Corneal Transplant Surgery Georgetown SC

This page provides relevant content and local businesses that can help with your search for information on Corneal Transplant Surgery. You will find informative articles about Corneal Transplant Surgery, including "Corneal Transplant Eye Surgery". Below you will also find local businesses that may provide the products or services you are looking for. Please scroll down to find the local resources in Georgetown, SC that can help answer your questions about Corneal Transplant Surgery.

Gerald Roberts Tiller, MD
(803) 546-8421
PO Box 2900
Georgetown, SC
Specialties
Ophthalmology
Gender
Male
Education
Medical School: Tulane Univ Sch Of Med, New Orleans La 70112
Graduation Year: 1968
Hospital
Hospital: Georgetown Memorial Hospital, Georgetown, Sc
Group Practice: Coastal Eye Group

Data Provided By:
Richard E Dechamplain, MD
Georgetown, SC
Specialties
Ophthalmology
Gender
Male
Education
Medical School: Med Univ Of Sc Coll Of Med, Charleston Sc 29425
Graduation Year: 1992

Data Provided By:
Gina Cottle Jayawant, MD
(843) 652-3937
PO Box 1919
Murrells Inlet, SC
Specialties
Ophthalmology
Gender
Female
Education
Medical School: Va Commonwealth Univ, Med Coll Of Va Sch Of Med, Richmond Va 23298
Graduation Year: 1996

Data Provided By:
George Philip Hillen III, MD
(843) 347-7236
Murrells Inlet, SC
Specialties
Ophthalmology
Gender
Male
Education
Medical School: Univ Of Va Sch Of Med, Charlottesville Va 22908
Graduation Year: 1967
Hospital
Hospital: Conway Hosp, Conway, Sc
Group Practice: Stokes Regional Eye Ctr

Data Provided By:
John Ronald Hazelton, MD
Murrells Inlet, SC
Specialties
Ophthalmology
Gender
Male
Education
Medical School: Umdnj-New Jersey Med Sch, Newark Nj 07103
Graduation Year: 1997

Data Provided By:
Carole Marie Young, MD
(843) 546-8421
PO Box 2900
Georgetown, SC
Specialties
Ophthalmology
Gender
Female
Education
Medical School: Univ Of Tx Med Sch At San Antonio, San Antonio Tx 78284
Graduation Year: 1982
Hospital
Hospital: Georgetown Memorial Hospital, Georgetown, Sc
Group Practice: Coastal Eye Group

Data Provided By:
George Philip Hillen, MD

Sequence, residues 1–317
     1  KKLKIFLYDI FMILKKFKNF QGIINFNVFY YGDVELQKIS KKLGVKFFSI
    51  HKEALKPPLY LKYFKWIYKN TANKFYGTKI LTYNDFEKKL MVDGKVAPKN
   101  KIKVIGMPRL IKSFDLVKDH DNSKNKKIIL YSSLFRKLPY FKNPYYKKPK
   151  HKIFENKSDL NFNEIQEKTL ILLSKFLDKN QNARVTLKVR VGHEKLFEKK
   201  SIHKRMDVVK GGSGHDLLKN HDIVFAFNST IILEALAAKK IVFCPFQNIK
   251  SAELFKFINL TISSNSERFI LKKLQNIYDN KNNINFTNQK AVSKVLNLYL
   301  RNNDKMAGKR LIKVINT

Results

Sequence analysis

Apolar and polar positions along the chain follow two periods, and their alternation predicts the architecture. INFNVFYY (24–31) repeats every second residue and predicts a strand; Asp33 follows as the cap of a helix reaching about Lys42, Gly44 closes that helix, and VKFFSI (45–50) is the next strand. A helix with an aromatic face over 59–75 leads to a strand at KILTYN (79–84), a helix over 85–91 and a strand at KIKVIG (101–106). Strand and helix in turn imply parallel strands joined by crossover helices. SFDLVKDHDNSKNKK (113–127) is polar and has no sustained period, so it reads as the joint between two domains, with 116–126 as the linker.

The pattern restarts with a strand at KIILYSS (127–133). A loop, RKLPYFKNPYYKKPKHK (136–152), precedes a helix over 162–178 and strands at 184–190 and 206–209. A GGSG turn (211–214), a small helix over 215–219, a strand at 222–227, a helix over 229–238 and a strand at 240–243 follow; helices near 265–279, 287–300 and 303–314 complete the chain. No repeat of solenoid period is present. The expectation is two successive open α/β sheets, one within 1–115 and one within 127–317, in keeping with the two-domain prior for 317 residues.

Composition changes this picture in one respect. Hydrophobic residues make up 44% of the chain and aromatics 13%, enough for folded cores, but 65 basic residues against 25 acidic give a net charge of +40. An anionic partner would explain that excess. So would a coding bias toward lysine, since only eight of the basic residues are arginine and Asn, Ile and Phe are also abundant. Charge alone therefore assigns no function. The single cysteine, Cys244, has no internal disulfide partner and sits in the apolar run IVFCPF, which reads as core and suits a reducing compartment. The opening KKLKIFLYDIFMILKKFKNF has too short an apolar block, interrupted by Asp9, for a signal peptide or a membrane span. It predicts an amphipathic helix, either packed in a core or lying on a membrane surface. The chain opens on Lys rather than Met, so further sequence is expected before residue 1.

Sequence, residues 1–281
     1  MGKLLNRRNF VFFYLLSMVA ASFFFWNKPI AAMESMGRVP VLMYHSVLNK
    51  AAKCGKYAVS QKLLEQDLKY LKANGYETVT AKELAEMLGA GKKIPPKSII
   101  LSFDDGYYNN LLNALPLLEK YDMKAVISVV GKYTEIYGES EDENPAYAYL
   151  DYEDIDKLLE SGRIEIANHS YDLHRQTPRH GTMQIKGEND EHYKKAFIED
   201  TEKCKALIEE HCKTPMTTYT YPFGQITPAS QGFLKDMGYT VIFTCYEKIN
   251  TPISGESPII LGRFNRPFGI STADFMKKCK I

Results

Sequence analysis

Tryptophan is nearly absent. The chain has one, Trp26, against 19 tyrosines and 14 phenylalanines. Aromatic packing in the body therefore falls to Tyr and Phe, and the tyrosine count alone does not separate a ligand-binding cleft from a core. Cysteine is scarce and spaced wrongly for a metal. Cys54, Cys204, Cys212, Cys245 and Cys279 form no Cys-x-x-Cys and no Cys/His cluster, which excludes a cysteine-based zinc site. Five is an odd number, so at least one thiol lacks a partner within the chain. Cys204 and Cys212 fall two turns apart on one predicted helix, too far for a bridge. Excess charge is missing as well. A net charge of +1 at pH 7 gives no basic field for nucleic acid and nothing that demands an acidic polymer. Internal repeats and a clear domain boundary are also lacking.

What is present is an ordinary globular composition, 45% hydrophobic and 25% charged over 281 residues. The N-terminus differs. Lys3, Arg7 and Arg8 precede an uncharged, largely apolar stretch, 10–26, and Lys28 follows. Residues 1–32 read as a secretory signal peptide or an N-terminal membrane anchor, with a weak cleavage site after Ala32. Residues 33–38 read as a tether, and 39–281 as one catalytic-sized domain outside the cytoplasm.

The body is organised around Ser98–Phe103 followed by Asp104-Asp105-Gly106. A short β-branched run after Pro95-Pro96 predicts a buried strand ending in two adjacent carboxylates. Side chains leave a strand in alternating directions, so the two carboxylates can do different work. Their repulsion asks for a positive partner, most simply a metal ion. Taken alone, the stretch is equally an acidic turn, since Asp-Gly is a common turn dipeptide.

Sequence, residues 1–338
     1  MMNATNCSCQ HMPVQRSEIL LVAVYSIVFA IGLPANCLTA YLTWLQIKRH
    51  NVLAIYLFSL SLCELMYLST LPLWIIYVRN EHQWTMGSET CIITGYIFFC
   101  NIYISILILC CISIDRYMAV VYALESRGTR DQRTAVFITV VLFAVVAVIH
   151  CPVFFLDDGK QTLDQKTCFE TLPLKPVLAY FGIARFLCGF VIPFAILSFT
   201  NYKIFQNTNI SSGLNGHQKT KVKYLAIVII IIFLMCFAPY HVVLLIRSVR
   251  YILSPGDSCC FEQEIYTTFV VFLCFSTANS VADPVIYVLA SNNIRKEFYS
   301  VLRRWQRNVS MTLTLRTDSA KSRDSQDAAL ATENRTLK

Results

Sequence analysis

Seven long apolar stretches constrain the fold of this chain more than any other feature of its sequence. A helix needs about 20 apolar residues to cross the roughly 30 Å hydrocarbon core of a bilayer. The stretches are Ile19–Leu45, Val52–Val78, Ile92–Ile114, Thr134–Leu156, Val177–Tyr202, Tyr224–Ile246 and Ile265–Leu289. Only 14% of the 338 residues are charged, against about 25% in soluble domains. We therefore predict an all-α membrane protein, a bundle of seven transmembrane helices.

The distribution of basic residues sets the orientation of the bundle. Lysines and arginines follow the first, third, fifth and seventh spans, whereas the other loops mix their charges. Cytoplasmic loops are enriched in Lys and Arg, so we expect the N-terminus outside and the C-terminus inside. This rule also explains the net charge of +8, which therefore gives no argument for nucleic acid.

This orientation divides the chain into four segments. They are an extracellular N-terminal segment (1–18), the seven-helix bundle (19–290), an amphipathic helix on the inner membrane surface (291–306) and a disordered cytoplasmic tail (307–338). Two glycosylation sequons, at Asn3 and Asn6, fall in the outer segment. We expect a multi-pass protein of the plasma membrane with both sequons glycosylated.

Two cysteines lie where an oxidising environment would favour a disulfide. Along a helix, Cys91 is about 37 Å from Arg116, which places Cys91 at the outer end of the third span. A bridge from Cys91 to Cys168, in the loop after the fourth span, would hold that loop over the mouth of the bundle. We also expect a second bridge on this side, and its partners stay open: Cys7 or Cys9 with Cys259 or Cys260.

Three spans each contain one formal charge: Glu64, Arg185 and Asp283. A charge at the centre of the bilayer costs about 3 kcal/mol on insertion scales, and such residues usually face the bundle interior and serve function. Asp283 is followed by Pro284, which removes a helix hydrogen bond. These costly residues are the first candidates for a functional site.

(843) 651-6779
4620 Burnt Oak Ct
Murrells Inlet, SC
Specialties
Ophthalmology
Gender
Male
Education
Medical School: Univ Of Va Sch Of Med, Charlottesville Va 22908
Graduation Year: 1967

Data Provided By:
Dr.Charles Doering
(843) 652-3937
4055 Highway 17
Murrells Inlet, SC
Gender
M
Speciality
Ophthalmologist
General Information
Online Appt Scheduling: Yes
Accepting New Patients: Yes
RateMD Rating
5.0, out of 5 based on 1, reviews.

Data Provided By:
Jonathan J Ply, MD
(843) 651-8200
3911 Highway 17
Murrells Inlet, SC
Specialties
Ophthalmology
Gender
Male
Education
Medical School: Uniformed Services Univ Of The Hlth Sci, Bethesda Md 20814
Graduation Year: 1986

Data Provided By:
Dr.Jonathan J. Ply
(843) 651-8200
3911 Highway 17
Murrells Inlet, SC
Gender
M
Education
Medical School: Uniformed Services Univ Of The Hlth Sci
Year of Graduation: 1986
Speciality
Ophthalmologist
General Information
Online Appt Scheduling: Yes
Accepting New Patients: Yes
RateMD Rating
3.4, out of 5 based on 10, reviews.

Data Provided By:
Data Provided By:

Corneal Transplant Eye Surgery

When a normally clear cornea becomes cloudy, it blocks light from reaching the retina. If this happens to you, you and your ophthalmologist may decide that a corneal transplant is needed to improve your vision. A corneal transplant is a surgery in which a diseased cornea is replaced with a clear, healthy, donor cornea. Donor corneas come from people who have agreed to donate their eye tissue after they die to help others regain their sight.

After a donor dies, the corneas are removed and taken to an eye bank, where they are examined to make sure that they are healthy. The cornea is a unique tissue, because unlike other transplanted organs it does not have to be matched to the patient receiving the transplant. The eye bank keeps the donor corneas until they are needed for corneal transplant surgery.

Corneal transplantation is an outpatient surgery performed in the operating room. Most patients are given intravenous sedation and numbing medicine is placed around the eye so that the operation is painless. The diseased cornea is removed using an instrument called a trephine that resembles a cookie cutter. A healthy donor cornea is cut to fit, and then sewn onto place using microscopic sutures. This procedure usually takes 60-90 minutes, followed by a short recovery period...

Click here to read the rest of this article from Eyes-and-Vision.com


Copyright 2006-2010 Vision Health